I usually use Debian-derivative distributions such as Ubuntu server. Most of them come pre-configured to use sudo rather than su and to prevent access to the root account at all possible.

With this in mind, should root have a shell in /etc/passwd? If I cannot login as root, does it make sense to give root a real shell?

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    I'm not entirely sure but I think there's a fair chance that many cronscripts which run as root will break if they don't have a valid shell. – Teun Vink Dec 5 '13 at 6:00

Normally one would need a shell, e.g. when logging in directly on the console, or in single user mode. Install a test system in a virtual machine and try it out?

  • Whenever I've used single-user mode, I've specified the shell manually by adding it to the end of the boot command. Even if you set root's shell to false, or otherwise disable it, so that sudo -i and sudo su don't work, you can still use sudo -s to run your current shell as root. – paul sullivan Nov 12 '15 at 10:29
  • If you don't put a valid shell, mail to root@host bounces if you haven't forwarded it somewhere. This is a /bad/ thing. I would shudder to omit root's shell for other reasons too. – Joshua Sep 18 '16 at 23:41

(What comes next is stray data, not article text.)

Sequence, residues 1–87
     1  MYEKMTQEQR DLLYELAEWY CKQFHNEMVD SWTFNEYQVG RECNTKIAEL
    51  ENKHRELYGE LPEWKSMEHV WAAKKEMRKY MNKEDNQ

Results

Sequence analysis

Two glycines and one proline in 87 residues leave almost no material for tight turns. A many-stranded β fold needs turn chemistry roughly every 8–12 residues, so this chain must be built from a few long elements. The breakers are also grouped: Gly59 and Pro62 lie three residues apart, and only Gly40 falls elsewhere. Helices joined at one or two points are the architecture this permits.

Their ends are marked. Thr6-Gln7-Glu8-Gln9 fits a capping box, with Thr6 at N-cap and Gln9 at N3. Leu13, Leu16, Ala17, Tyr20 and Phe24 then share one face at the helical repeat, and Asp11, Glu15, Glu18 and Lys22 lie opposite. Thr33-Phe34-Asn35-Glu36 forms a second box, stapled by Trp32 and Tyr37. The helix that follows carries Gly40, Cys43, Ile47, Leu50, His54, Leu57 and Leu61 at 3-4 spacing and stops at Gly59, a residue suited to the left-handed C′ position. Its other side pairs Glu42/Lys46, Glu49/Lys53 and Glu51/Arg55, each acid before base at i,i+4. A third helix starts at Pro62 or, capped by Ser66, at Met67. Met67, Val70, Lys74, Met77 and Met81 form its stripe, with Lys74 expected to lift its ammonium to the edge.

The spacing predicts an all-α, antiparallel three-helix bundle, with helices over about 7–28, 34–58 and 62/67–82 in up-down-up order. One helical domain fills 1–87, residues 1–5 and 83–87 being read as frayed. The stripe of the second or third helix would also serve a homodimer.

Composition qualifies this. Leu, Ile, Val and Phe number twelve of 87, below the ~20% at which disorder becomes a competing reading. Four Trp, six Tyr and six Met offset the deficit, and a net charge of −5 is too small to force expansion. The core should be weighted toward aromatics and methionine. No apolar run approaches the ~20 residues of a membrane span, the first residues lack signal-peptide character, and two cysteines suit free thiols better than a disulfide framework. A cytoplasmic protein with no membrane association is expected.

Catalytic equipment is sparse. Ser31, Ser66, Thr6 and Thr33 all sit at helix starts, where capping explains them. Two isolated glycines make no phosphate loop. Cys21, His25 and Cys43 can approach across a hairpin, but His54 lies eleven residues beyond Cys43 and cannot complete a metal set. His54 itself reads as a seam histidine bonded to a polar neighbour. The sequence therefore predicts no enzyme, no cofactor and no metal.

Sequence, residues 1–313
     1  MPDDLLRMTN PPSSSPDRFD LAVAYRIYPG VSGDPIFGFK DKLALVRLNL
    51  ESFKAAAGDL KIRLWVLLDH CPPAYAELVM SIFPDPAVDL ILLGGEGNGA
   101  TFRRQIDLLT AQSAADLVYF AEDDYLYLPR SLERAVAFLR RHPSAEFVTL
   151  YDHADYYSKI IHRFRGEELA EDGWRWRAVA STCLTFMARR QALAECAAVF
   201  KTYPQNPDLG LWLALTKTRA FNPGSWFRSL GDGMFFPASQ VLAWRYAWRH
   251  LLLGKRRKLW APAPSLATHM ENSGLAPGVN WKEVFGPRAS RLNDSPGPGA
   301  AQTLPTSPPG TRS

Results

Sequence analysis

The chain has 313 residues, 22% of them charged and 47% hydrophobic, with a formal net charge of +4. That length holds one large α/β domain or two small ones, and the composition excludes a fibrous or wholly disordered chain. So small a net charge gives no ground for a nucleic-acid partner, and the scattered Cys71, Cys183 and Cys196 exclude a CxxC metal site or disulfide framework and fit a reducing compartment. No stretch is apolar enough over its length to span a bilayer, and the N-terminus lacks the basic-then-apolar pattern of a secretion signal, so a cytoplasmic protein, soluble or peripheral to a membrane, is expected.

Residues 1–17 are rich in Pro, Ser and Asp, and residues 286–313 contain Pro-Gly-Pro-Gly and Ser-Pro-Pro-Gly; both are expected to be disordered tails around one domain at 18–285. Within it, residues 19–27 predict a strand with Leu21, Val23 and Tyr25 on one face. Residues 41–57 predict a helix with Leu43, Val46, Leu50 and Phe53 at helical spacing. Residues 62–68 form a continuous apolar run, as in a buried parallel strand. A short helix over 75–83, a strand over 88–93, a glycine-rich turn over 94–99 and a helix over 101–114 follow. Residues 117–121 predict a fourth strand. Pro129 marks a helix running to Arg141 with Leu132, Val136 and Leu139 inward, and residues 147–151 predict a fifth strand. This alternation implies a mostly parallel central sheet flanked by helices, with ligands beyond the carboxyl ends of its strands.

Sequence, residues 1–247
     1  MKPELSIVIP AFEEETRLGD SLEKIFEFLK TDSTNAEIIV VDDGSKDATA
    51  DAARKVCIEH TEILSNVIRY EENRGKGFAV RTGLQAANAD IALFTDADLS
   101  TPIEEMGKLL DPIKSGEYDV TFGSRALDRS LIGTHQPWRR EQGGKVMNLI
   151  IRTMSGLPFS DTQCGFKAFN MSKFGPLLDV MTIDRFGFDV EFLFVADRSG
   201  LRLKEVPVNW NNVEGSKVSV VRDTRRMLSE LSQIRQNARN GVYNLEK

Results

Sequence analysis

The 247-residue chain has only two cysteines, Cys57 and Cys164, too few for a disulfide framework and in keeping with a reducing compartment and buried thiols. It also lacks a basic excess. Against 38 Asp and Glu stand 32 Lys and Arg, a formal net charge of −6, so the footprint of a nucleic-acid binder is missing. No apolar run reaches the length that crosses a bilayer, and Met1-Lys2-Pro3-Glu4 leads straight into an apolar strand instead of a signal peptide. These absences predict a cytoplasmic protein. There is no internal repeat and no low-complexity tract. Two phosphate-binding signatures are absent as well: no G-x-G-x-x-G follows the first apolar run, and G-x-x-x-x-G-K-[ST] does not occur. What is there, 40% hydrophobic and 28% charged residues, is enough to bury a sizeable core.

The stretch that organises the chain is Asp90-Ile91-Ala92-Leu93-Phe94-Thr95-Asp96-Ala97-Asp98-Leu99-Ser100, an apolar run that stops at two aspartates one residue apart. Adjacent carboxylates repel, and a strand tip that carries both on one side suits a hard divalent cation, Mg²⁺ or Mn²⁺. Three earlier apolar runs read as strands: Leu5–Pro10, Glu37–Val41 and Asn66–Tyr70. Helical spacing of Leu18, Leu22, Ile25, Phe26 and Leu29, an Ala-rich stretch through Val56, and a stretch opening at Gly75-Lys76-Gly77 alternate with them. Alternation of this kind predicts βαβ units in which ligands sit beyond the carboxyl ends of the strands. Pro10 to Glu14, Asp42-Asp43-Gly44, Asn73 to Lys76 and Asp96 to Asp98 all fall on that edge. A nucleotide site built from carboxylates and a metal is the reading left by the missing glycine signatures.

In a perfect world you don't need a root shell. In a planned obsolescent society it depends how critical your up time is. If your backup system is very good, and you can wait while down restoring everything from it. then you can do without the shell. Murphy will ALWAYS rear his ugly head at the worst time. If YOUR account get scrambled then you can't use it's shell to run root in.

Now definitely BLOCK remote root access, unless you are putting the system in a very remote physical location. I had one headless server that only allowed root to log in through serial console. I kept an old 486 laptop just to let me plug in if needed. But you can and should tie the root shell to a specific console as well so it can't be running on other VC's.

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